I’m reading at the University of New Brunswick’s Saint John campus Wednesday night, a return visit, not sure, in fact, if I’ve been there since I taught philosophy at in the early 1970s. I am wondering if the place has changed, though I remember this building (Ganong Hall), named for a New Brunswick chocolate-making family. I may have said this before, but when I taught Schopenhauer to undergrads at UNBSJ, I had the longest hair on campus. Those were great times. I sometimes held classes in my apartment, which I shared with a guy named Wolfy (who had no teeth) and which contained no furniture (we all sat around the living room parquet drinking wine and burning holes in the floor with candles listening to Carole King’s Tapestry — I dunno, I was about twelve at the time). Once a student of mine, returning from a class, was discovered by police asleep in his car parked on a railroad crossing in the early hours of the following morning. (Should I be saying this before my reading?) As I recall, the police were very understanding and followed him home.

The next evening, Thursday, I’ll be giving my generative workshop (lesson, prompts, exercises — everyone will come out writing like Leo Tolstoy or James Joyce).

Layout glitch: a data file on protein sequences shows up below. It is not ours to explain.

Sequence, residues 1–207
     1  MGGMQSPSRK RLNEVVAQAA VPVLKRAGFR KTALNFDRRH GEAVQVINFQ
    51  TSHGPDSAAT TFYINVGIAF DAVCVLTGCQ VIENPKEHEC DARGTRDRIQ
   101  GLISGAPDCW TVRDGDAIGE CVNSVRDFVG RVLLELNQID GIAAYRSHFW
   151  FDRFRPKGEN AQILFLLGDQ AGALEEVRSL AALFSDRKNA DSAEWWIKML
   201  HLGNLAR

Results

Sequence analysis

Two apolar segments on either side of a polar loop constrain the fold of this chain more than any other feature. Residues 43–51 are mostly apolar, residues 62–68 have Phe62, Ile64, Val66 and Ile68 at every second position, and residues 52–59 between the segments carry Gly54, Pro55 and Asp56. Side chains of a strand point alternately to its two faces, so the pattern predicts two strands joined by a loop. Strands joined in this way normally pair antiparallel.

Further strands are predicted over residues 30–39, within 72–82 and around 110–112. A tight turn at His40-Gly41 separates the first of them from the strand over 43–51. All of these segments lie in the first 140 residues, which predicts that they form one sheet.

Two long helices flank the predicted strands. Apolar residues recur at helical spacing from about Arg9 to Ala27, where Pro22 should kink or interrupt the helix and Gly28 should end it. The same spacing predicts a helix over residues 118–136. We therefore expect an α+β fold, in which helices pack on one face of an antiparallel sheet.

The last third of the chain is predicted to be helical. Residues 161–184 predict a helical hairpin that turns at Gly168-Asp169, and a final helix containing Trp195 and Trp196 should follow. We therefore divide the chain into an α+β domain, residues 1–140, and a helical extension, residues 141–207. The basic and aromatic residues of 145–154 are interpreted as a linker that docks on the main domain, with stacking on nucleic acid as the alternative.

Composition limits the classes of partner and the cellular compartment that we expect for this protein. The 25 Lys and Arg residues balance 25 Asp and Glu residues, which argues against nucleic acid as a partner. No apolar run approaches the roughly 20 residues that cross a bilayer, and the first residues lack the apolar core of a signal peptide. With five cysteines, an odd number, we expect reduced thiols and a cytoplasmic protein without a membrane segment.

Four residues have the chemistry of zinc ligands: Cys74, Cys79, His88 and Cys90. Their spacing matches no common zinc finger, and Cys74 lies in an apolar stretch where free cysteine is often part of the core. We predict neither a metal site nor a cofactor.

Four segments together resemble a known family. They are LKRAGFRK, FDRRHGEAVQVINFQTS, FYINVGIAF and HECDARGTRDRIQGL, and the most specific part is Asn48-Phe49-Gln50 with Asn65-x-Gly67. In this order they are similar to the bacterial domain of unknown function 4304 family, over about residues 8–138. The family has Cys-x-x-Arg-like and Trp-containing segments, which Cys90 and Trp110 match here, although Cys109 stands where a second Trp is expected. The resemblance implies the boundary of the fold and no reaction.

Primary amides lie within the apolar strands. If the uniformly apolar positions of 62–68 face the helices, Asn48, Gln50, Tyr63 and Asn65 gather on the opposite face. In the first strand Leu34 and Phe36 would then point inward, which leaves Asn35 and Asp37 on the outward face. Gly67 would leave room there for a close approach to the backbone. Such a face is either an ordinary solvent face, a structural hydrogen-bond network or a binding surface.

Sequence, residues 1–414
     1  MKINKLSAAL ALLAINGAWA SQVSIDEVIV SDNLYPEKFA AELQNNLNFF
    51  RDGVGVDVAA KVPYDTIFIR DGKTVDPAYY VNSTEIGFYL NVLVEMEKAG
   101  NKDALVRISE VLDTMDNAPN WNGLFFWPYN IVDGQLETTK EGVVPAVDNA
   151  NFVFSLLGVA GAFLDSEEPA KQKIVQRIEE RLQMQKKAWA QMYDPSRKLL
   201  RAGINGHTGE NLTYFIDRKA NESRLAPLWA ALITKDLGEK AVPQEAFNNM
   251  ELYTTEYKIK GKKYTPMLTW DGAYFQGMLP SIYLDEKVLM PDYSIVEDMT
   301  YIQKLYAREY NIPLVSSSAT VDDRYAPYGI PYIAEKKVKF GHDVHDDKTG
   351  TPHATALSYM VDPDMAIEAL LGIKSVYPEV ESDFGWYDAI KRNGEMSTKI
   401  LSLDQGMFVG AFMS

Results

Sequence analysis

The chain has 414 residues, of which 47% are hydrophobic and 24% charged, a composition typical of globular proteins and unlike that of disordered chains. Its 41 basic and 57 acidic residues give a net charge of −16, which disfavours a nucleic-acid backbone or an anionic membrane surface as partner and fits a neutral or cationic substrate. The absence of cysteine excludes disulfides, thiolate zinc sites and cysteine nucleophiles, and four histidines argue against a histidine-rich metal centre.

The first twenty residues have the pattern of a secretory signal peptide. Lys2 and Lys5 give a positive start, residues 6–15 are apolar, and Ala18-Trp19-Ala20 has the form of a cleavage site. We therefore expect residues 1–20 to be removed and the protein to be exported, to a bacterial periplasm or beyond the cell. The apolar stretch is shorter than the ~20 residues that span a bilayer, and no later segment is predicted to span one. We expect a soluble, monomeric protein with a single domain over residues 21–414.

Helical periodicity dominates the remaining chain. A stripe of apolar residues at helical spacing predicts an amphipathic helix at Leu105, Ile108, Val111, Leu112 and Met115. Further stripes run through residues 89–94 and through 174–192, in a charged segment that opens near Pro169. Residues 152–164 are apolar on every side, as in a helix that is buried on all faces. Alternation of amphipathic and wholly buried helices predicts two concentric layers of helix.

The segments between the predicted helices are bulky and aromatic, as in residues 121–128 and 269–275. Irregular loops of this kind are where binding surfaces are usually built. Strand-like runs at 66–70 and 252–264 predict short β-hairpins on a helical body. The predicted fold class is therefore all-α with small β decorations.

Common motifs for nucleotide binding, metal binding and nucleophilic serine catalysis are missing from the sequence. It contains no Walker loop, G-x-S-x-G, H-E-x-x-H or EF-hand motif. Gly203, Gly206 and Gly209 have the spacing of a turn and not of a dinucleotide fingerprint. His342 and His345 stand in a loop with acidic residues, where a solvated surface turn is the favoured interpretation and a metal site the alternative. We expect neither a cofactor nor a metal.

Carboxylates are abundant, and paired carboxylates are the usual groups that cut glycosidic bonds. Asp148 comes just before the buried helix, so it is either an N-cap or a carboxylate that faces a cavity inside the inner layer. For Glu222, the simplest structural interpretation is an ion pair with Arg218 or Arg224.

And the evening after that I read at the Attic Owl Reading Series in Moncton.

Then I will go home to Fredericton and rest for five minutes.




Mar 142014

So dg read from Savage Love at the University of King’s College in Halifax last night, hosted by the King’s Co-op Bookstore. DG’s son Jacob did the introduction, a first, a sweet & unsurpassable moment not vouchsafed many writers (or fathers). The lighting was a bit dim, but here is a photo, just for the record.


Mar 112014

Savage Love Cover

New event, just arranged: Attic Owl Reading Series event in Moncton, New Brunswick, on Friday, March 21. Moncton has a major airport so we are arranging charter flights from large cities across the continent for fans, also special buses and trains from the eastern seaboard down to Key West. This is a late-breaking appearance for dg, so possibly only the most devout readers and party animals will manage to get there in time. (Let me just say that some of you are in danger of having your fan club cards revoked for non-appearance — really, we don’t care if it’s winter and you have infants and a job.)

Actually, the Attic Owl Reading Series is an ancient and well-loved event. There will be music as well, though dg won’t be singing “songs from the Sixties” as some reports have suggested. He might hum a little if pressed.

There is a Facebook event page here.

Details: Douglas Glover at Attic Owl

Time: 7pm.

Place: Café Aberdeen, 140 Bostford Street, Centre culturel Aberdeen, Moncton, New Brunswick.

Feb 282014